7 Essential Ornamental Grasses

Perennials | Tagged , , , , , , , ,

Walking through the garden each season, or even week, a different plant will take center stage. Previously ignored as a team player in the rhythm of the landscape, the wallflower suddenly dominates the beauty of the garden. Late summer / Fall is when ornamental grasses get their champion moment in the garden against the autumnal colors. As other perennials are beginning to lose their luster and drop leaves, ornamental grasses are still standing tall with some parading proud plumes in fall winds. However there are ornamental grasses other than maiden hair grass (Miscanthus) and fountain grass (Pennisetum) . Here is a list of seven great ornamental grasses to try in your garden that give a lot in return.

 

Bouteloua gracilis ‘Blonde Ambition’- Blonde Ambition blue grama grass

ZONES: 3-10   HEIGHT: .75 – 2.50ft    SPREAD: .75-1.50ft    FULL SUN

DESCRIPTION:

An American native Blonde Ambition blue grama grass changes the perception of  what an ornamental grass should look like with its horizontal insect-like seed head that appear mid to late summer.  Once the seed heads appear you can see where it gets it name with the blond coloration.  A terrific choice for a hot dry / xeric garden because it is quite drought tolerant after established.  Make sure this one has good drainage!

Bouteloua gracilis ‘Blonde Ambition’, 7 Essential Ornamental Grasses, Thinking Outside the Boxwood Bouteloua gracilis ‘Blonde Ambition’, 7 Essential Ornamental Grasses, Thinking Outside the Boxwood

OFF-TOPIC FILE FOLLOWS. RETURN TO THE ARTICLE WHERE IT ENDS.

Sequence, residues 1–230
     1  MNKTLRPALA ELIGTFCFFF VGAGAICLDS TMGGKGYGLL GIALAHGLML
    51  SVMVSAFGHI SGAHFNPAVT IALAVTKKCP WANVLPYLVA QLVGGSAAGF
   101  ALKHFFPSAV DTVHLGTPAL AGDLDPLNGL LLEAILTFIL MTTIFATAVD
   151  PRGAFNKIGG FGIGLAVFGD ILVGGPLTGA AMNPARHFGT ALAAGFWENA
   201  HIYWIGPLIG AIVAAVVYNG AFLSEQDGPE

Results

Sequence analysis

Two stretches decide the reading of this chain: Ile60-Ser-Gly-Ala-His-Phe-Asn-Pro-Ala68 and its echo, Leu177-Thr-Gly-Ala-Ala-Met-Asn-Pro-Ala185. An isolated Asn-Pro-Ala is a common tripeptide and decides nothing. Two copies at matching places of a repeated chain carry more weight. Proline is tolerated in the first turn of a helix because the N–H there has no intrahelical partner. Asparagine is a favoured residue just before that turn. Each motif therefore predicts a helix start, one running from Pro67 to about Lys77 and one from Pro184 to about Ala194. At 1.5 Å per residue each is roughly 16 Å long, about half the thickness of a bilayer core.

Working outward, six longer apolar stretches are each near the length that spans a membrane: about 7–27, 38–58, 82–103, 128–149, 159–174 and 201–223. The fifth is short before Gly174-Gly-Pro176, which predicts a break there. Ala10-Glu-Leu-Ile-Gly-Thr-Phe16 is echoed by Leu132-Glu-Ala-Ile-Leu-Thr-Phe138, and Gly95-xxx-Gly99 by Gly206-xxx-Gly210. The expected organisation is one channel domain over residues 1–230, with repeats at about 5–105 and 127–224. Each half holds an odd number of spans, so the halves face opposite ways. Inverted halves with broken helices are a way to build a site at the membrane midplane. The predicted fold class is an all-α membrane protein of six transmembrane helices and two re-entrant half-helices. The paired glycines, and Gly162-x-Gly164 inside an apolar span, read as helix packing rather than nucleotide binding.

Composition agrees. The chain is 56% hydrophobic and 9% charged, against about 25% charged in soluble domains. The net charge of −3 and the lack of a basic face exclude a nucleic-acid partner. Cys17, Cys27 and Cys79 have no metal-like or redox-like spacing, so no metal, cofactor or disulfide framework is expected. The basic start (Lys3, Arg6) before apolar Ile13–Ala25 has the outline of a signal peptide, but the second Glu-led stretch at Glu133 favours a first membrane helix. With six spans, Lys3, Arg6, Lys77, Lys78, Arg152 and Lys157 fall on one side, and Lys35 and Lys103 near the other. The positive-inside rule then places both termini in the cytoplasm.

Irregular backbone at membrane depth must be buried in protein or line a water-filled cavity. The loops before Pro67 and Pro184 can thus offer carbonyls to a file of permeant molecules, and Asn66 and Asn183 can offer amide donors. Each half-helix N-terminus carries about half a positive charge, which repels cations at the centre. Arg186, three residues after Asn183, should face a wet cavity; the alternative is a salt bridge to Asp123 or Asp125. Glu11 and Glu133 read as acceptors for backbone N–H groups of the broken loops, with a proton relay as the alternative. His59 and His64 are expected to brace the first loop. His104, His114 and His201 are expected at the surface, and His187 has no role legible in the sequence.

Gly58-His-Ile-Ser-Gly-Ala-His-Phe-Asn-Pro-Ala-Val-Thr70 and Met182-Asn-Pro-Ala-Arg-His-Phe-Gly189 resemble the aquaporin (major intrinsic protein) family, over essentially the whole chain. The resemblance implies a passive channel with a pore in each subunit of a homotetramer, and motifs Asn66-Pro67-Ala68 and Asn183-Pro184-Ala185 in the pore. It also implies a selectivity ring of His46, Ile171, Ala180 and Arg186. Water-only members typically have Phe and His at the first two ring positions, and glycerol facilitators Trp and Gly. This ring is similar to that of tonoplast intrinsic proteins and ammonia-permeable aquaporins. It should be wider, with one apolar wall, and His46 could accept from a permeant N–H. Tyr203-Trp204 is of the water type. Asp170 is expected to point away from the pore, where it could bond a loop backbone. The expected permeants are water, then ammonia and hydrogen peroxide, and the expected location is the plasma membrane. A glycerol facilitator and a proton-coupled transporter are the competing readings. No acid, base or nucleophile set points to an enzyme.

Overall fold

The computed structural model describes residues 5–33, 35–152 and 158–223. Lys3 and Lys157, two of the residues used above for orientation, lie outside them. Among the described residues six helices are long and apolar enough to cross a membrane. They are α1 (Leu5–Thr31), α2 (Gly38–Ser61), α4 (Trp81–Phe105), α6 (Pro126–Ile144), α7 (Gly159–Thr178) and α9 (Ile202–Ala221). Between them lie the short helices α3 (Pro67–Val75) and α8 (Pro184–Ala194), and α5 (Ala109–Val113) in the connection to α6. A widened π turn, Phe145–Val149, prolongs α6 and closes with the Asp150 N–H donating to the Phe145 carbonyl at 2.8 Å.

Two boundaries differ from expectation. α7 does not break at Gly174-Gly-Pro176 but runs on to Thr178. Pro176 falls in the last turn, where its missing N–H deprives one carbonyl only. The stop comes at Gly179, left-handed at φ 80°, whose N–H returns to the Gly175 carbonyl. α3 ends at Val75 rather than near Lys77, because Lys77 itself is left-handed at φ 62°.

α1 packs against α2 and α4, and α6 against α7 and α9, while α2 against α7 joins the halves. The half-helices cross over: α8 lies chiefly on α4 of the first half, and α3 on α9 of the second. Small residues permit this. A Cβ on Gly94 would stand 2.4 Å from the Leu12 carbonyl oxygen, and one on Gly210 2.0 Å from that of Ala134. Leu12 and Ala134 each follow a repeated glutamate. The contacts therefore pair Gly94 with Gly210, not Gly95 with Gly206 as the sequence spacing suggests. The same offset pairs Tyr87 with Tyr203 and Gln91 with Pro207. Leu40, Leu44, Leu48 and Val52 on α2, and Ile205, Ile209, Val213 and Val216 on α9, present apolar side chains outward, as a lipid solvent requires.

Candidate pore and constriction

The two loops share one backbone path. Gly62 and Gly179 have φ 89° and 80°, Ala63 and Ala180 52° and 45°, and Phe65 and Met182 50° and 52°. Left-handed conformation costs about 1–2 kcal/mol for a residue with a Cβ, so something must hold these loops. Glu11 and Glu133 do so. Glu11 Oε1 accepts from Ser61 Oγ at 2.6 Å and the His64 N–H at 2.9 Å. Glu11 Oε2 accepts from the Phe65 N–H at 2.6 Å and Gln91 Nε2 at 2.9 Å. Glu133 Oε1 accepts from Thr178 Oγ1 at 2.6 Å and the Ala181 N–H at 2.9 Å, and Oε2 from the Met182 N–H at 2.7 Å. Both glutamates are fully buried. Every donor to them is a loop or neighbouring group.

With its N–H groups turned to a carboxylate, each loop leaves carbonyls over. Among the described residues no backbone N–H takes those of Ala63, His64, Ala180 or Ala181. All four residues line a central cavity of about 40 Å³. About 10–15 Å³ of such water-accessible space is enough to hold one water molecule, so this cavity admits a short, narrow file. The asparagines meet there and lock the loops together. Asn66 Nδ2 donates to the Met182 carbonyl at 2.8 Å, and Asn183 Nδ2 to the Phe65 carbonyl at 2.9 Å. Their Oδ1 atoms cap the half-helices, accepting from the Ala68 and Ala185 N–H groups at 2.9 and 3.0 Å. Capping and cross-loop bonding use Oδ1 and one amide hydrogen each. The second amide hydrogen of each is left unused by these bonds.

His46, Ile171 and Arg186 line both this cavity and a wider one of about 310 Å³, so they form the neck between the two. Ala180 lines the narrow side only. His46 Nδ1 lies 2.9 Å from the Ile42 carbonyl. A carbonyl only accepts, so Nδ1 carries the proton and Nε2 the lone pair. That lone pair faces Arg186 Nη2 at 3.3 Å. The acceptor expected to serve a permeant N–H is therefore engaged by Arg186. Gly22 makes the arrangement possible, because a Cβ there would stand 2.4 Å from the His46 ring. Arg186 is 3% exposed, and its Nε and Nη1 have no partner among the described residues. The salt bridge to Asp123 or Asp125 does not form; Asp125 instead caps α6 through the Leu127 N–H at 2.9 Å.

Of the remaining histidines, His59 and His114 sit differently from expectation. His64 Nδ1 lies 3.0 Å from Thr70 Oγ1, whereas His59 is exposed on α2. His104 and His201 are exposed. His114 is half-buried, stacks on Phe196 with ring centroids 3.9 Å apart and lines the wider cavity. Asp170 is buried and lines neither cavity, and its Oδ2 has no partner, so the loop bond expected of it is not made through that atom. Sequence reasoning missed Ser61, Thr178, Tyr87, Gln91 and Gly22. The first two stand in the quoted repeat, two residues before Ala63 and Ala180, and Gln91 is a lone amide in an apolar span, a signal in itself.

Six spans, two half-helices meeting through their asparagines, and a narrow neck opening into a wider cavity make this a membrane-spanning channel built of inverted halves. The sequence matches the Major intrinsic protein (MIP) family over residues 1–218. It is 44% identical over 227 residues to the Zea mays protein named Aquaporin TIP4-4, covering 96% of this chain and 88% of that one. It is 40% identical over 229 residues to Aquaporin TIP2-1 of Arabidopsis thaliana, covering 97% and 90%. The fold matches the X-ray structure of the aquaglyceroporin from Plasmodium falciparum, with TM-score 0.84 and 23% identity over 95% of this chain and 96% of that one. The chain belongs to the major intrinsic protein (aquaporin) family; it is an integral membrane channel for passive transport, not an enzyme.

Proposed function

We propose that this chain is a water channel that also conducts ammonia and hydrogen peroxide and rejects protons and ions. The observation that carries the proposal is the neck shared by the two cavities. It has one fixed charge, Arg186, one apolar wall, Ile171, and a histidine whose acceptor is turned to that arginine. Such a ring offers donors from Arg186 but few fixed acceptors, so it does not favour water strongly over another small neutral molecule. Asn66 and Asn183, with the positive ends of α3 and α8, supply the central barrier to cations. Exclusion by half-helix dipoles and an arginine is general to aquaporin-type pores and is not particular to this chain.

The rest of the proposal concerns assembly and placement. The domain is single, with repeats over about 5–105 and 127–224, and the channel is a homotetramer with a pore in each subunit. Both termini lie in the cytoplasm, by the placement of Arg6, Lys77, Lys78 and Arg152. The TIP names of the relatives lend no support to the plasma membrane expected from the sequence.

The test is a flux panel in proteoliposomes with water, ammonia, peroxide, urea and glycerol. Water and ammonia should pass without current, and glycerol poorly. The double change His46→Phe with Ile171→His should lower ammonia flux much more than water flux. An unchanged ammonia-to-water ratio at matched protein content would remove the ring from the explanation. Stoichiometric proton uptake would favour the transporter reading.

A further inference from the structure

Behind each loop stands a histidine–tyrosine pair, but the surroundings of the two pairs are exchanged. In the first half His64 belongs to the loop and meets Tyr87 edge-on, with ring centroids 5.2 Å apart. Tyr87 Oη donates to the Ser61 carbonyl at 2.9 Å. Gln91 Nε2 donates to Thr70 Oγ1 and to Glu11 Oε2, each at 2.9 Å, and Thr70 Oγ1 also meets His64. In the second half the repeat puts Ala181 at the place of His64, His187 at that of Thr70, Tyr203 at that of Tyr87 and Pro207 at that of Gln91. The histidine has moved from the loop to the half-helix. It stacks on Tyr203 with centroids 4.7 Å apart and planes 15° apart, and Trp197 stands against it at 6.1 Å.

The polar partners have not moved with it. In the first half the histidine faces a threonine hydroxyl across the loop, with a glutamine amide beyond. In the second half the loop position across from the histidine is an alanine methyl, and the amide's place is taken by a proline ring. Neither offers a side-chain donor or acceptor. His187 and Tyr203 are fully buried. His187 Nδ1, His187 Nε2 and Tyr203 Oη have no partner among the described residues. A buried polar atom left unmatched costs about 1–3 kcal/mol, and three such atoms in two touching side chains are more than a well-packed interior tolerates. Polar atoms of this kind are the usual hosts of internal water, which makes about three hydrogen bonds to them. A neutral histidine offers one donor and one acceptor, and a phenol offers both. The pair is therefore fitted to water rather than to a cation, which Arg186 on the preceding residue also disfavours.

Hakonechloa macra – Japanese forest grass

ZONES: 5-9   HEIGHT: 1.5-2.5ft   SPREAD: 2-3+ft   SHADE/PART SHADE

DESCRIPTION:

I love this grass!  Commonly known as “the grass” for shade- which is true, but it can be way more than that.  Once it is established this grass has a beautiful almost weeding habit which gracefully smothers the ground, good luck weeds!  There are many chartreuse cultivars on the market, all of which I use- like ‘Aureola’, ‘All Gold’ and ‘Albo Striata’.  However, I am really addicted to the straight species green variety- just regular old Hakonechola macra.  Tuff to find on the market, that is why I grow my own, but well worth it when you do.  Macra can be planted in shade, part shade, and full sun!  This grass likes consistently moist, but well drained soil.   As the pictures below illustrate it can get quite girthy which I think is why I love it so much- a beautiful, low and wide grass.